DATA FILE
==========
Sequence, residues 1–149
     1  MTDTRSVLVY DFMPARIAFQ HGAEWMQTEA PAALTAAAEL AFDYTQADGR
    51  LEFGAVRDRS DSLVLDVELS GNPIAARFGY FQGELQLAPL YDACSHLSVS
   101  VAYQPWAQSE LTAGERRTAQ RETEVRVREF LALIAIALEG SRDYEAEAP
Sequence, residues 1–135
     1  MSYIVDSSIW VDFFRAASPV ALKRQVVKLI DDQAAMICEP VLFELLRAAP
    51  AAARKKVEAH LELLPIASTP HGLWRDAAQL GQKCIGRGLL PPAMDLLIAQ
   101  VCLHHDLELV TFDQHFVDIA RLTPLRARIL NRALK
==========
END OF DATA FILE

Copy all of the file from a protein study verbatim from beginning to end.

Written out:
Sequence, residues 1–149
     1  MTDTRSVLVY DFMPARIAFQ HGAEWMQTEA PAALTAAAEL AFDYTQADGR
    51  LEFGAVRDRS DSLVLDVELS GNPIAARFGY FQGELQLAPL YDACSHLSVS
   101  VAYQPWAQSE LTAGERRTAQ RETEVRVREF LALIAIALEG SRDYEAEAP
Sequence, residues 1–135
     1  MSYIVDSSIW VDFFRAASPV ALKRQVVKLI DDQAAMICEP VLFELLRAAP
    51  AAARKKVEAH LELLPIASTP HGLWRDAAQL GQKCIGRGLL PPAMDLLIAQ
   101  VCLHHDLELV TFDQHFVDIA RLTPLRARIL NRALK